He hates Greenwich Council and has spent a lot of time slagging them off because he’s offended that his neighbours voted for them. If he’s going to do his job properly it’s up to him to climb down from some of his more extreme attacks and make peace. However, because he’s got an ego to match anyone on Greenwich Council, that’s not going to happen.
    For all their faults, the council were at least elected. No one has ever voted for Gilligan and nor would they, he’s a self serving crony of London’s self serving mayor.

  8. Thanks for commenting, Thomas.

    Shouldn’t Chris Roberts and Denise Hyland climb down from their positions here? After all, his criticisms of Greenwich are nothing compared to what he’s said about Tower Hamlets.

  9. I have to agree with Thomas. One certainly cannot condone the Council Officer’s stance on this matter, but it is not the case that there will, as a result, be no consultation whatever with City Hall on cycling issues I the Borough.

  10. A disappointing attitude from RBG. I would feel less troubled if I felt that the council was pushing for genuine improvements in cycle facilities in the borough, but there’s little sign of that. All we can do is hope for a better attitude once Chris Roberts has gone.

  11. Confused.
    Are Greenwich not in breach of data protection by naming him as a resident. That information is protected. It’s okay for him to declare it but certainly not the Council.
    It would also suggest that they are ignoring his legal rights as a resident of the borough and effectively discriminating against him for using his right of free speech.
    I would, as a resident, be suing the arse off them if I was Gillingan.

  12. Paul, if you were Gilligan presumably you’d be off looking for your credibility after the Greenwich Park fiasco.

    As pointed out its handbags, if Greenwich can find a way of making it work then fair enough.

    I believe that Mr Gilliigan has made his residency of this borough a matter of public record quite enough!

  13. Politics often means having to lay down your sword and talk to your erstwhile enemies, but in Greenwich that doesn’t need to happen. The Labour Council know they will be in power in Greenwich, with an overwhelming majority, until hell freezes over so, frankly, they can do what they like.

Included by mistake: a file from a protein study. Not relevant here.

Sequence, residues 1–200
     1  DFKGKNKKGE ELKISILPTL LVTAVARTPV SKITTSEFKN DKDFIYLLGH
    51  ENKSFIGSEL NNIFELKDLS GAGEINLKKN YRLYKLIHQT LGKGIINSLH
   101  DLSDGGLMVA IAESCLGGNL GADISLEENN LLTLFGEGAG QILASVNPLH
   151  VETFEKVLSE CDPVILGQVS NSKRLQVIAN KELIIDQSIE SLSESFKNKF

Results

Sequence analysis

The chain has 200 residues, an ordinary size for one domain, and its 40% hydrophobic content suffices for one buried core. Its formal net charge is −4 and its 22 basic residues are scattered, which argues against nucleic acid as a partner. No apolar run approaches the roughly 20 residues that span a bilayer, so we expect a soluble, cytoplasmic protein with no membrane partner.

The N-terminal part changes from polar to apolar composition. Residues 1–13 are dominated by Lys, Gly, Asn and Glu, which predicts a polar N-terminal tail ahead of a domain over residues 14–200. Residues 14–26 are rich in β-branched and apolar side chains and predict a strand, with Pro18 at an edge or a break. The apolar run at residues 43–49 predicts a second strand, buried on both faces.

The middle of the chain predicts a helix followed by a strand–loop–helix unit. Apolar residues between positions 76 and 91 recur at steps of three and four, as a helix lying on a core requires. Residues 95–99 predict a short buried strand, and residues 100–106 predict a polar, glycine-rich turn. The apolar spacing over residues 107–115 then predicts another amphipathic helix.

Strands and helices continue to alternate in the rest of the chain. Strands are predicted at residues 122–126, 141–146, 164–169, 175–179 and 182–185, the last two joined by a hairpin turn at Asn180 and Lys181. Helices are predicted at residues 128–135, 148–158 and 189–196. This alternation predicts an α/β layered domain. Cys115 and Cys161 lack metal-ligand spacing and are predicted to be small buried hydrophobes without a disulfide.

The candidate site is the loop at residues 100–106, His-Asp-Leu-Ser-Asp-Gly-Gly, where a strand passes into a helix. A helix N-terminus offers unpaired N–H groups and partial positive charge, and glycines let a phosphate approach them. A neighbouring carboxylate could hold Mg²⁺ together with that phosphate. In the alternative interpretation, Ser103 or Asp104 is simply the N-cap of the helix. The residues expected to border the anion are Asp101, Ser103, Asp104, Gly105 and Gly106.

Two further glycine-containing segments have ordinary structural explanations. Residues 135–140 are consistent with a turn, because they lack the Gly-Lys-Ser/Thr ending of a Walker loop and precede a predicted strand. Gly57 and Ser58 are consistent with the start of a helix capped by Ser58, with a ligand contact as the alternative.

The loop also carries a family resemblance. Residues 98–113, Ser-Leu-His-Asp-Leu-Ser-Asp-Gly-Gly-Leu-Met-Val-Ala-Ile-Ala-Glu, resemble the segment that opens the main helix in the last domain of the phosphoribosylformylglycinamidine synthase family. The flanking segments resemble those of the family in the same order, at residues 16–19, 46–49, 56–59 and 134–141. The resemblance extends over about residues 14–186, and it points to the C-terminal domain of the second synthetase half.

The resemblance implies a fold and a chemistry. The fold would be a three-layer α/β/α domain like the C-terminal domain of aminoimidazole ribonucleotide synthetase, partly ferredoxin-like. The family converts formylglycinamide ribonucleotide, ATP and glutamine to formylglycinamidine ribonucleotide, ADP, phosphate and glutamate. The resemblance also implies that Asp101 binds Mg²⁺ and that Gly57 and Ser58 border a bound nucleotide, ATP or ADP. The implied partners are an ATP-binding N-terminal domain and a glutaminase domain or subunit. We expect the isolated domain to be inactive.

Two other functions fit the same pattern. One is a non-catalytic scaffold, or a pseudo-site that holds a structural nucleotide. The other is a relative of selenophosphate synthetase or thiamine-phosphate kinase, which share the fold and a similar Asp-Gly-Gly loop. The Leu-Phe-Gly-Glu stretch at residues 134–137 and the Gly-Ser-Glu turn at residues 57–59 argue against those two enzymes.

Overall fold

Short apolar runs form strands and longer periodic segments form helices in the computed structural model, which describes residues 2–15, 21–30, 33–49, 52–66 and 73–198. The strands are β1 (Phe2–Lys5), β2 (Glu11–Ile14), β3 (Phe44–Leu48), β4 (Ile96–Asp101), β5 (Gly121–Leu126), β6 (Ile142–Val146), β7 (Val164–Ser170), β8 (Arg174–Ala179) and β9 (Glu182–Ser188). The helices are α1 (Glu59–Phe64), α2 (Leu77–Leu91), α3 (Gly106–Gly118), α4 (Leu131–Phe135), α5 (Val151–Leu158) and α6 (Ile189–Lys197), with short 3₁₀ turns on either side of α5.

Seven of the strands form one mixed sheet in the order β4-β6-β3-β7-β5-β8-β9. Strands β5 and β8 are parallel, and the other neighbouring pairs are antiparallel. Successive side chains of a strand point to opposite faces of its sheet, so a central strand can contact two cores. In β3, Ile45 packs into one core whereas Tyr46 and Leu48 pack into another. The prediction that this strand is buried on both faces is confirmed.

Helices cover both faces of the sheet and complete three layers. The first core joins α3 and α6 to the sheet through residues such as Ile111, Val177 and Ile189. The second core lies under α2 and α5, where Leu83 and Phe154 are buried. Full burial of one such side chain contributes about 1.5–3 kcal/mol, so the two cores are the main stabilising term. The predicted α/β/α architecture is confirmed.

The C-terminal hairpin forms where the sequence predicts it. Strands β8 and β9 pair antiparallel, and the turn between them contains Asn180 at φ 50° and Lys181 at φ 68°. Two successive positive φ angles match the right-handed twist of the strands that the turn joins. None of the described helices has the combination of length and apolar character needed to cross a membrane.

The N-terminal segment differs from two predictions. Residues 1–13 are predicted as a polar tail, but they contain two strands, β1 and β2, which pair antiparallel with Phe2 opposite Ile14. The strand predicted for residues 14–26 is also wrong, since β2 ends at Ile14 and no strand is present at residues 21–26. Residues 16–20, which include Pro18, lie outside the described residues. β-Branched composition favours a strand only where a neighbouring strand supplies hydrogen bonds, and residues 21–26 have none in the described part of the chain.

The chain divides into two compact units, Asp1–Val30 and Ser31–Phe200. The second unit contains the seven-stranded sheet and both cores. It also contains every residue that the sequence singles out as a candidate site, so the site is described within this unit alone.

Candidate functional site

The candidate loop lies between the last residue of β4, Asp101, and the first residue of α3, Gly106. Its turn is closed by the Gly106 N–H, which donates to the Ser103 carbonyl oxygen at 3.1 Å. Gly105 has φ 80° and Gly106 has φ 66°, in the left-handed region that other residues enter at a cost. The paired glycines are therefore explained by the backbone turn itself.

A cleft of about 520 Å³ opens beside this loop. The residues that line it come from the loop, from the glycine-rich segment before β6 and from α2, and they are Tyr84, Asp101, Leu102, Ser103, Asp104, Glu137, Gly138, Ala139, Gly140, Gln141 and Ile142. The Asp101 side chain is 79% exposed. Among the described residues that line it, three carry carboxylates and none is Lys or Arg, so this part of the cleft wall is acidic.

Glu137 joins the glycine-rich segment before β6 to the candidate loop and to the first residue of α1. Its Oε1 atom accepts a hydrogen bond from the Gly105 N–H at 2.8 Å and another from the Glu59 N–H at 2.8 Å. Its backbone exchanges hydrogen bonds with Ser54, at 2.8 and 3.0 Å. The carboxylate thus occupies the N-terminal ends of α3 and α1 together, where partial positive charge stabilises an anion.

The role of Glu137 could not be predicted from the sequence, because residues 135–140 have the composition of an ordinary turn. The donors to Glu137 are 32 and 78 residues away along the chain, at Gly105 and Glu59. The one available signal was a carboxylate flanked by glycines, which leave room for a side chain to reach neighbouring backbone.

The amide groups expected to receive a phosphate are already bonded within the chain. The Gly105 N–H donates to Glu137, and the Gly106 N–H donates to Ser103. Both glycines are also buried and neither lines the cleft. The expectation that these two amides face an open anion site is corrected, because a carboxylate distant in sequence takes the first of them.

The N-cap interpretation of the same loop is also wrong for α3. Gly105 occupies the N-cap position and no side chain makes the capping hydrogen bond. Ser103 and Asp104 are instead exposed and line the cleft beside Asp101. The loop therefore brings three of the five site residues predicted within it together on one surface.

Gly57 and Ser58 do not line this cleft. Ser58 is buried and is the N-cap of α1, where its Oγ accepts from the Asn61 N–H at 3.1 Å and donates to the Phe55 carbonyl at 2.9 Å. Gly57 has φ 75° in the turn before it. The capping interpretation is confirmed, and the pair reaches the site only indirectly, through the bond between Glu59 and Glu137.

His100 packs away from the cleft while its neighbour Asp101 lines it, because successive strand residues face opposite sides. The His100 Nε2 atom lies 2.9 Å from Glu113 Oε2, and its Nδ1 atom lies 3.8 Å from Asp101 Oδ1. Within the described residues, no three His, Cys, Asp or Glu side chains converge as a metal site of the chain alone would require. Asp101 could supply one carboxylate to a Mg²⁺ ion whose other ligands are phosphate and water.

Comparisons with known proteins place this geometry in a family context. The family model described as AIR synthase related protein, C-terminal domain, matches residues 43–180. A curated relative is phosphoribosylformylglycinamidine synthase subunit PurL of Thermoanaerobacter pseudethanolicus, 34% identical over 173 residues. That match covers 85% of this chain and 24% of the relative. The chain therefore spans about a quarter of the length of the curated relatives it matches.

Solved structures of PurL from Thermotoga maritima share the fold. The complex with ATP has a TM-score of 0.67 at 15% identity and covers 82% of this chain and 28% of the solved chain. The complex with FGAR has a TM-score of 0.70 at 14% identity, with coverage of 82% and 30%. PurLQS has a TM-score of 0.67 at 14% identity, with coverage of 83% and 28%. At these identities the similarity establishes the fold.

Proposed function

Nikkii – With regard to the Q about foodbanks, I think my LD colleague somewhat opened himself up to that response to be honest. Nevertheless every council meeting I have been to descends into a national policy attack as a way of wriggling out of awkward local questions. It also emphasises the political sweet spot Labour are in – the benefit of local incumbency (aided by Greenwich Time) and the benefit of national opposition, thereby they can take the praise for success and blame failure on the “horrible Con-Dems”.

  14. But given that the monkey’s been put up as the figurehead, and every other borough is talking to the figurehead, I’d have thought it would be better to be seen to join those conversations rather than take a stand which appears puerile at best.

  15. We’ve picked up a troll, John, whom you inadvertently fed. We’re all hoping he’ll go away if denied food.

  16. (I hadn’t actually followed the link when I asked … I suspected it was aimed at me though.)

    I had a fairly good view of how Mr Adams chooses to interact at http://8 – I wasn’t particularly trying to engage with him or, especially given his statement elsewhere that he was no longer ticking the ‘notify of follow-ups’ box, expecting a response.

    Thing is, that behind the language of organs and monkey-grinders, there’s a substantive point. OK, so most of the groundwork and most of the concrete detail will be established at officer level, and to that extent whether Greenwich chooses to engage with Gilligan or at a higher level may not be terribly relevant.

    However, sometimes being seen to participate in a process has a greater value than the participation itself – I’m quite happy to believe that there won’t be much benefit in the talks or interaction that Gilligan will lead, or at least not much that can’t be made up in other parts of the process. But I’d also think that there’s potential for such a visible refusal to talk to Gilligan to be damaging to Greenwich’s position overall.